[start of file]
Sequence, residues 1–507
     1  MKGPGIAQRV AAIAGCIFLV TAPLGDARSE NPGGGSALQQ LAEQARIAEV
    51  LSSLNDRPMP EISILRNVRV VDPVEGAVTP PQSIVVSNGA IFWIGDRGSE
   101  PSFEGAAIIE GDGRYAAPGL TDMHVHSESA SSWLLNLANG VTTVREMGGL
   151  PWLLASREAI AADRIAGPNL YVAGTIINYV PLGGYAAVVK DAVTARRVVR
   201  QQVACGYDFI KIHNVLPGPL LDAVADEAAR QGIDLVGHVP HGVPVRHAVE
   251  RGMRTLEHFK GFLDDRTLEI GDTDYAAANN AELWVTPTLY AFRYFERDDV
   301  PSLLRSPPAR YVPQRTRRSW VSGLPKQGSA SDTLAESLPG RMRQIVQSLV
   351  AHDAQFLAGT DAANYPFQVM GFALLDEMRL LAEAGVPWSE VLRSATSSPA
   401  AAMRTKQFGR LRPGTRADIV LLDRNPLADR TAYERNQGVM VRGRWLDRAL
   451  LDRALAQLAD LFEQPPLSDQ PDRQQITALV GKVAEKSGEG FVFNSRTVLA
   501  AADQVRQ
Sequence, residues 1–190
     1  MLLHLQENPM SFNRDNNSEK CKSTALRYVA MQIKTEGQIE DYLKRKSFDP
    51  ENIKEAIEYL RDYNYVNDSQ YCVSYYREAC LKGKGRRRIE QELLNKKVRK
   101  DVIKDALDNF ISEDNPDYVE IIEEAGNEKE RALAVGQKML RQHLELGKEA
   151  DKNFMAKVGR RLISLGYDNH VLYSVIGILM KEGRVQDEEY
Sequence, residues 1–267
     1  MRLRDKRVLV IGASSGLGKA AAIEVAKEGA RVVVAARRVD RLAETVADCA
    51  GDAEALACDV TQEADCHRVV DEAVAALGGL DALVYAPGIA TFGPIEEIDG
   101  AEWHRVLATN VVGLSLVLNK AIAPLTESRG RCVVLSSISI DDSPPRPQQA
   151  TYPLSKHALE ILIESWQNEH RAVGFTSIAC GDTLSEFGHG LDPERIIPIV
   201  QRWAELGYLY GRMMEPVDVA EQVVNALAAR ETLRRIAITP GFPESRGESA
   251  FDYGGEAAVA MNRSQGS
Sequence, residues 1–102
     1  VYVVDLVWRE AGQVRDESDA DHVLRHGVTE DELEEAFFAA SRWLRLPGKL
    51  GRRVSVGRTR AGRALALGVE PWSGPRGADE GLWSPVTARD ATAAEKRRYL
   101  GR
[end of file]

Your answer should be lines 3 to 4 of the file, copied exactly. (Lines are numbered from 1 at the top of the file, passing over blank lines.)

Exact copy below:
    51  LSSLNDRPMP EISILRNVRV VDPVEGAVTP PQSIVVSNGA IFWIGDRGSE
   101  PSFEGAAIIE GDGRYAAPGL TDMHVHSESA SSWLLNLANG VTTVREMGGL